Training For the Alcoholic Olympics

Source: Wikimedia Commons

I tried to become an alcoholic in my early twenties, as I’m assuming most people did. I don’t mean to brag, but I was really good at it. I was the Michael Phelps of drinking, and like him, I wasn’t going for just one medal. I was going for all of them!

You’d be surprised how unsupportive friends and family were.

Here’s what made me a champion drinker: I wasn’t a mean drunk, I didn’t drive while inebriated, I didn’t black out, pass out, or puke, and I never once had a hangover. I was invincible! And my drinking didn’t interfere with my daily responsibilities. In other words, I was a high-functioning alcoholic. Which, if you think about it, is basically the same thing as being a non-drinker.

Once I was in a dive bar with my husband, knocking back cocktail after cocktail. I got up to go to the bathroom and told him that if the waitress came by while I was gone, to please order me another drink. When I came back, he told me that the waitress asked him if I was on a mission.

I was pissed. How dare she judge me? I wanted to get up in her face and tell her off. “Take a look around, lady! We’re in a shitty bar in the suburbs. Nobody is here to pray, or exercise, or read a book. Every loser here is on a mission!”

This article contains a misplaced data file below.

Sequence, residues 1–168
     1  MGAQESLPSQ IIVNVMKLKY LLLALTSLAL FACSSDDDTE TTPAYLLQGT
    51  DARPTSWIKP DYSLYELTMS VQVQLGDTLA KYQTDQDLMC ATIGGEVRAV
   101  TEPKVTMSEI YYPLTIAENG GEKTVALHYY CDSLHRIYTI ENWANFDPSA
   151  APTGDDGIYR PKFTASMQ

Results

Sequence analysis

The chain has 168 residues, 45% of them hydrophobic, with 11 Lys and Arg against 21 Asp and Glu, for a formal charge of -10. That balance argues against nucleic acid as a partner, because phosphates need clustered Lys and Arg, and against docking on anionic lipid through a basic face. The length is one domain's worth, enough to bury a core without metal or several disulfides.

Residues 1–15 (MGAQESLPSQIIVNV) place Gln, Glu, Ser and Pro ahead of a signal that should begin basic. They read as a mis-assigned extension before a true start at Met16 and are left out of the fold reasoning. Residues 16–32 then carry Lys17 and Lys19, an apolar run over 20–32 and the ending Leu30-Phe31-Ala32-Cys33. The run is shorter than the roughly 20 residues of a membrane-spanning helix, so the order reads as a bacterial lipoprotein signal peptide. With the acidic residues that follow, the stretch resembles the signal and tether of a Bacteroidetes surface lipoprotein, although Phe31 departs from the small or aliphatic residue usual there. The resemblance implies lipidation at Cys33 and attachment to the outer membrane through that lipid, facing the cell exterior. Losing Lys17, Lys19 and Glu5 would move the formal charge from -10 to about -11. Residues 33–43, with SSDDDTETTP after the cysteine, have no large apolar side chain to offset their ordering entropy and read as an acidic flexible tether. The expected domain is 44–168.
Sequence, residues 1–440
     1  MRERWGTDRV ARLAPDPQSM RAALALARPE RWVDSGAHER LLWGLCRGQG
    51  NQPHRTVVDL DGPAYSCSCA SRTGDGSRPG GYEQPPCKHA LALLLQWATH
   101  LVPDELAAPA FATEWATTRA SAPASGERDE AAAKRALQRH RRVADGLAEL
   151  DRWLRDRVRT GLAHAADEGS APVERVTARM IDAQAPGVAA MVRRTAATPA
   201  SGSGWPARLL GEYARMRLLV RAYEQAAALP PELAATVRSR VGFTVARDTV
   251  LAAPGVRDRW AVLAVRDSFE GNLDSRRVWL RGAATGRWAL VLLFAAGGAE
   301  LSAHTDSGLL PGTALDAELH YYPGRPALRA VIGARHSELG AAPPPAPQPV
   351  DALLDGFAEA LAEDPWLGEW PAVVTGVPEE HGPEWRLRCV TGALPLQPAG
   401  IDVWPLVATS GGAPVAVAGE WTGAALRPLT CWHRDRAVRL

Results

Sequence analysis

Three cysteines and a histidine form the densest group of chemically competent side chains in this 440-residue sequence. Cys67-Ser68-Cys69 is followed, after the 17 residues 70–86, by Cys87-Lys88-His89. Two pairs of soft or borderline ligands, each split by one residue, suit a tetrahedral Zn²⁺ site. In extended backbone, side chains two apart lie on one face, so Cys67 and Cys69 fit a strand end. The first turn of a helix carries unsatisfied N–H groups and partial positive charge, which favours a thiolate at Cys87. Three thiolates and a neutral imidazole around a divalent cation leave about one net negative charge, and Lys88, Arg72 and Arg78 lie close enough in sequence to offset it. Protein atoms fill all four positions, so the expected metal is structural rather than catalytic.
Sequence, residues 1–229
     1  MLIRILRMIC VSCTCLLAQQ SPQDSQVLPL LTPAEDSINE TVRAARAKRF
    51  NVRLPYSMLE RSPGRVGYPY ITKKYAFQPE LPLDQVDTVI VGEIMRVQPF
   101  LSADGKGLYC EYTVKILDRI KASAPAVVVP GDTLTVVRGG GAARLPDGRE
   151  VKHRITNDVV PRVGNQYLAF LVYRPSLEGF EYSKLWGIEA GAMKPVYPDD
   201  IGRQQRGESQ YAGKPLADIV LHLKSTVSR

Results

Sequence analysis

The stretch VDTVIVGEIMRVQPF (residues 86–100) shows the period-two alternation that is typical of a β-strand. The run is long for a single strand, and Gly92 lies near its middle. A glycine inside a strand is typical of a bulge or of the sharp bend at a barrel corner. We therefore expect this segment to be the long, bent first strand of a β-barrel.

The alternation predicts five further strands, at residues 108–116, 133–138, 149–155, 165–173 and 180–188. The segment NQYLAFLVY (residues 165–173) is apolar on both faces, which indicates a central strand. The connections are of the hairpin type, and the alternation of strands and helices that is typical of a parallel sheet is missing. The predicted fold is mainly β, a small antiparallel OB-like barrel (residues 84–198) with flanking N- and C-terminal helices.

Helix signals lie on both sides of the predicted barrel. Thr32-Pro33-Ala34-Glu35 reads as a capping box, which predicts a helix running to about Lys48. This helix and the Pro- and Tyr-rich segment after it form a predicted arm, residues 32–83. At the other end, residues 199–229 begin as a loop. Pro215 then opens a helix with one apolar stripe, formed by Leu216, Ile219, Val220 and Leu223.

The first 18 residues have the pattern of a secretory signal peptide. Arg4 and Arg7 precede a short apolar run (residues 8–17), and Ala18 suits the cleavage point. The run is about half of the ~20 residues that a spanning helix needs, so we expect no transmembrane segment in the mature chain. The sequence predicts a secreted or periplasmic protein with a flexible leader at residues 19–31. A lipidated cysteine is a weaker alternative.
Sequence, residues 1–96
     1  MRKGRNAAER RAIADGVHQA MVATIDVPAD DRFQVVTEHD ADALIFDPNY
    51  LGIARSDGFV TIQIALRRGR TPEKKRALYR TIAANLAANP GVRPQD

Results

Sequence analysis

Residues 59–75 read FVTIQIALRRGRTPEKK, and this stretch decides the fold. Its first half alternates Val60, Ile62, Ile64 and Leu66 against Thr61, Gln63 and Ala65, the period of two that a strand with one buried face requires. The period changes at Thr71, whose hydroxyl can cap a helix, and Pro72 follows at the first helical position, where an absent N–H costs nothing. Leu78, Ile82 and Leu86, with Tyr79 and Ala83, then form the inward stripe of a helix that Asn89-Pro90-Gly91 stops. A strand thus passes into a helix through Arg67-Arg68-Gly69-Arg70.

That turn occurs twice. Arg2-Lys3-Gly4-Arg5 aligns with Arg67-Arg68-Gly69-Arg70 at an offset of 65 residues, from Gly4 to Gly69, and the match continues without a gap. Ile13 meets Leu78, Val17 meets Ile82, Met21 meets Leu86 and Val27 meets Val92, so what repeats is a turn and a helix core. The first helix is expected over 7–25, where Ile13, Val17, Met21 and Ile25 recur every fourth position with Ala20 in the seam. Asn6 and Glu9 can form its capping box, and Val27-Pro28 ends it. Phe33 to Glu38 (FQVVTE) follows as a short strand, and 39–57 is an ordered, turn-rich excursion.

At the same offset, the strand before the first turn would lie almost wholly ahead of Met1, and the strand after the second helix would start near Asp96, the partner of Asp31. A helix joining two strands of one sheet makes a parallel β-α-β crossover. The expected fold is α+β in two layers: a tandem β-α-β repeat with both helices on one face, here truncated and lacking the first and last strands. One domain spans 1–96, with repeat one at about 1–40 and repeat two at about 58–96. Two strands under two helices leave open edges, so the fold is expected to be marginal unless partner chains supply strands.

Sure, I left that place on spaghetti legs, but that was the worst of it. No harm done.

Alas, friends and family kept telling me that what I was doing wasn’t cool. I had no other choice than to give up drinking, which I did, over twenty years ago.

My husband now tells me he wishes I could have one beer with him when we’re at a restaurant, so he doesn’t have to drink alone. (Ahem, I did some of my best drinking alone, back in the day, just me and a six-pack of Corona). What the hell am I going to do with ONE beer?! It’s not like I drank because I enjoyed the taste of hops and yeast – I only drank to get messed up. And I’m not going to even get a buzz off one beer.

Nah, man – I’ve retired. I hung up those medals long ago.